Do men need purpose more than respect?

An intriguing opinion column in The New York Times this month asked a key question about men of all ages. Do men need more respect or a greater sense of purpose?

Written by David French, he noted “an overwhelming amount of evidence — from suicide, to drug overdoses, to education achievement gaps — indicates that millions of men are in crisis. And simply put, while many men demand respect, what they need is purpose, and the quest for respect can sometimes undermine the sense of purpose that will help make them whole.”

“What men need is not for others to do things for them. They need to do things for others: for spouses, for children, for family and friends and colleagues.”

David French


All genuine purpose must involve serving others in some way. Look at it this way. Even a lion trapped in a cage gets respect for his roar. His every need is met, from companionship to lunch. But, he lacks purpose or a reason to get up in the morning to provide for his pride.

A caged lion doesn’t need to hunt or even attract a mate because everything is provided for him. He’s often the only male in the enclosure, so he doesn’t need to prove himself or feel challenged in any way.

How many men find themselves in a cage living on autopilot doing the same thing day after boring and unfulfilled day?

In the New York Times article, if you can look past all the subtle bashing of conservatives and Christians, David still makes a valid point. “A demand for respect or honor should be conditioned on being respectable or honorable,” he wrote.

For men in particular, they get respect by what they do, not what they say they’re going to do. We may have the best of intentions about conquering the world, but until we put down the remote and actually engage in meaningful purpose, our goals are nothing more than wishes.

David offered statistics showing that for military veterans, often the most respected of professions, the suicide rate for them is up to 2.5 times higher than the rate for civilians.

That’s no surprise. Veterans once had a well-defined mission with specific objectives. Whether they led or followed, they had the camaraderie of a shared sense of purpose. They had goals to achieve for which they received recognition and reward upon attaining them.

Purpose doesn’t need to be life-and-death to be valid. But, it must involve serving other people, especially for men. Without a genuine purpose for their lives, then everyone else’s business becomes their business. Their lives devolve into endless days of watching television, scrolling through news stories and making sure neighbors abide by “the rules.”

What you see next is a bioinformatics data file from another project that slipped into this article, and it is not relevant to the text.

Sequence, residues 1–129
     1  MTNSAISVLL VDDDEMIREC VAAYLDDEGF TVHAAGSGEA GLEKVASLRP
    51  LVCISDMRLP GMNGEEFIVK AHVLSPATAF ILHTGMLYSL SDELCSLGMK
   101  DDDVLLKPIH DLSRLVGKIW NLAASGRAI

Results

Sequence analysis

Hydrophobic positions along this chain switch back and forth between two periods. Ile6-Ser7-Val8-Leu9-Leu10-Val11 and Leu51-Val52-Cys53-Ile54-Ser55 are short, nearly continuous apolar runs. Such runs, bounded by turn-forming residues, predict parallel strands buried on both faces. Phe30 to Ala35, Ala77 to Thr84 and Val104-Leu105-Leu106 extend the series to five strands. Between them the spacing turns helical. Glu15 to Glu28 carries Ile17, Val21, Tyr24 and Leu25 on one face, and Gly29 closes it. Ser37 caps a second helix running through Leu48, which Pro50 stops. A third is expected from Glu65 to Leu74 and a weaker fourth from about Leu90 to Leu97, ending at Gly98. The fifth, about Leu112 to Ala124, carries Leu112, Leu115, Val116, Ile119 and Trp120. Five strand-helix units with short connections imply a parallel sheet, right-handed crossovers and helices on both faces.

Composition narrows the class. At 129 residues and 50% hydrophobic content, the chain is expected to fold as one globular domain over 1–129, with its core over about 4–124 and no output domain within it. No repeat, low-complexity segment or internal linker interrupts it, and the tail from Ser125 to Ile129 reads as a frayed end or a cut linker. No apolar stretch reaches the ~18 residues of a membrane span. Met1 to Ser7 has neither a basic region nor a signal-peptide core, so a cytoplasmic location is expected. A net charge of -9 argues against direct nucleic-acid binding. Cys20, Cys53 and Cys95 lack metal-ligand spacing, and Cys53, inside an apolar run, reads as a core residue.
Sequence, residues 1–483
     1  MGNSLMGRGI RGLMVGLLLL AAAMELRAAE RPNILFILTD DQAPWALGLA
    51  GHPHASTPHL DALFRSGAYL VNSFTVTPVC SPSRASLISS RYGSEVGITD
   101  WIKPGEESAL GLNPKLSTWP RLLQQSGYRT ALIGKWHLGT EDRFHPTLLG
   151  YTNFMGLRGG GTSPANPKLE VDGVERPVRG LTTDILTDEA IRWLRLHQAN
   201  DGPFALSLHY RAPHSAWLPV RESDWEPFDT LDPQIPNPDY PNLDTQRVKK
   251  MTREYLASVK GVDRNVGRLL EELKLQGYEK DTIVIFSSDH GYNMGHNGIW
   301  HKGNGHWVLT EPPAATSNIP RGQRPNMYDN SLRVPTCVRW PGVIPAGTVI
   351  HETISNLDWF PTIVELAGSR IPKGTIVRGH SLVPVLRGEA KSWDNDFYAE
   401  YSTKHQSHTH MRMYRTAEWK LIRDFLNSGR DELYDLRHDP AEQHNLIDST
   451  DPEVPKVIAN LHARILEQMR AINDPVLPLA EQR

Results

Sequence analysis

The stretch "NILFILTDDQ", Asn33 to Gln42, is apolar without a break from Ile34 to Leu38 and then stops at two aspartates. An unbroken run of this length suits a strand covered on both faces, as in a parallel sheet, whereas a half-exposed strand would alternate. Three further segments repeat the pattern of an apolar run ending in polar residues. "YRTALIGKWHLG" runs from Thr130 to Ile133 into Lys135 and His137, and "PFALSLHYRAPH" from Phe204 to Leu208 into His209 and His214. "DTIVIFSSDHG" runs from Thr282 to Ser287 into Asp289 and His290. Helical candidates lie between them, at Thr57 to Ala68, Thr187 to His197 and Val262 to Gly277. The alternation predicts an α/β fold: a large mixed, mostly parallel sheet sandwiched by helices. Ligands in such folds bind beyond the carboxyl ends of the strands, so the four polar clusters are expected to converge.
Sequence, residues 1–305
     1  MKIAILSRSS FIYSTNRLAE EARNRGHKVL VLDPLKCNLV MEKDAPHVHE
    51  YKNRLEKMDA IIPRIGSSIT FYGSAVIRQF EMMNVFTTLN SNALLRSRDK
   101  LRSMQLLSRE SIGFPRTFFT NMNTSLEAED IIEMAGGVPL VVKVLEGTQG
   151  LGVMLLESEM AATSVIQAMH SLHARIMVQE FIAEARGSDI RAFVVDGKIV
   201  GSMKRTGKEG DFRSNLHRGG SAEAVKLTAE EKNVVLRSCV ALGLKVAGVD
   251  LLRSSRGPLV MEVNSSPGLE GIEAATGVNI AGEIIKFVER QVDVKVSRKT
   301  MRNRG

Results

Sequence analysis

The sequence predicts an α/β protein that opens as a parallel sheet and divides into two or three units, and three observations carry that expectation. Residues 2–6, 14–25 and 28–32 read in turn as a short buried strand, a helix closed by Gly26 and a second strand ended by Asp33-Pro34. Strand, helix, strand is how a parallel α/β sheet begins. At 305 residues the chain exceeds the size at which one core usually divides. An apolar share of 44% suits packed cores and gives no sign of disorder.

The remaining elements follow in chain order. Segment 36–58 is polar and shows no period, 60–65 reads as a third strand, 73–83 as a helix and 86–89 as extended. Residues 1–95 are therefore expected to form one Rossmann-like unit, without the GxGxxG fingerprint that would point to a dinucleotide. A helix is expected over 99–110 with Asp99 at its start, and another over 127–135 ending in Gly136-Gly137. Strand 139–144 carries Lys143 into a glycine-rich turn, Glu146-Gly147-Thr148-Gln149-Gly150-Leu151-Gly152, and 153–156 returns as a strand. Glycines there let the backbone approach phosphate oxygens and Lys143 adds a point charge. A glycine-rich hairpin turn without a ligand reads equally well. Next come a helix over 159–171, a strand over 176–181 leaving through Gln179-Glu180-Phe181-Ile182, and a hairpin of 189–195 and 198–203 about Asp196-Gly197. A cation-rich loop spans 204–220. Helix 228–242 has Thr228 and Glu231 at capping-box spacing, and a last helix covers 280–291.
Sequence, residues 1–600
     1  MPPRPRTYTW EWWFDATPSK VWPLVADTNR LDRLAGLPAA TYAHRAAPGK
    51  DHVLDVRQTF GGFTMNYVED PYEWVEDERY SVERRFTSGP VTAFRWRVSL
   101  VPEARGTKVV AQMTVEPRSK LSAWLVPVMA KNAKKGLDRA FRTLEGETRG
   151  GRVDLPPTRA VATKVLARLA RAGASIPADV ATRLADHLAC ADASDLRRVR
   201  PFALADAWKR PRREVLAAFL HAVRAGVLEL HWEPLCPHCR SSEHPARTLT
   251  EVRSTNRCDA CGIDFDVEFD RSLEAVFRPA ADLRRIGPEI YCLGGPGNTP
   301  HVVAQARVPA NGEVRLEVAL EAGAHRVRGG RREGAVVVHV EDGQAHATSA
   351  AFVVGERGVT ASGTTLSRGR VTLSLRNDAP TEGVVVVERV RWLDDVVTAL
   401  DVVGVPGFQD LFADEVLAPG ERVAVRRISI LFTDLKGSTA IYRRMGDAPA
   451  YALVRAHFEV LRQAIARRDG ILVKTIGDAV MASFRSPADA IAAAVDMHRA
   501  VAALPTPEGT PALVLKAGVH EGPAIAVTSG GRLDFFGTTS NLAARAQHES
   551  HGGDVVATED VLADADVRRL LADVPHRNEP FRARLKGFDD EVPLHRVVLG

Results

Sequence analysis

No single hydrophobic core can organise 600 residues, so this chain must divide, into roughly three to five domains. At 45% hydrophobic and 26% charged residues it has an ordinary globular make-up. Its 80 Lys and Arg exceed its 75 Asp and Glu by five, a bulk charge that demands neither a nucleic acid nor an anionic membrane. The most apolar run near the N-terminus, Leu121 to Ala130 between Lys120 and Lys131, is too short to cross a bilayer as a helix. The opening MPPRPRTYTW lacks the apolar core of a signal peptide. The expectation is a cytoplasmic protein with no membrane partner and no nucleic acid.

Whether men are serving in the military, business, industry or even their own families, their next mission must always have a clearly defined purpose which utilizes their natural talent, learned skills and unique life experiences.

“Virtuous purpose is worth more than any other person’s conditional and unreliable respect,” David wrote. “It is rooted in service and sacrifice, not entitlement. Those qualities bring a degree of meaning and joy far more important than the gifts that others can ever offer. What we do for others is infinitely more rewarding than what we ask them to do for us.”

If you need help identifying a purpose for this stage of your life, let me know. You can connect with me in the Forward From 50 Facebook group or via our Contact page. I’m happy to have a conversation to get the creative juices flowing to identify something to get passionate about in a good way.

The obituary pages are full of biographies of men who once accomplished much, but when purpose was removed, their motivation slowly evaporated. Without purpose, their lives lacked meaning. When men die, many times people come out of the woodwork to offer their respect during the moment. A man’s legacy is defined by what he did to make a difference in the lives of others.

For too many men, their legacy is defined by what they did decades earlier. What a waste of God-given potential, wisdom and experience.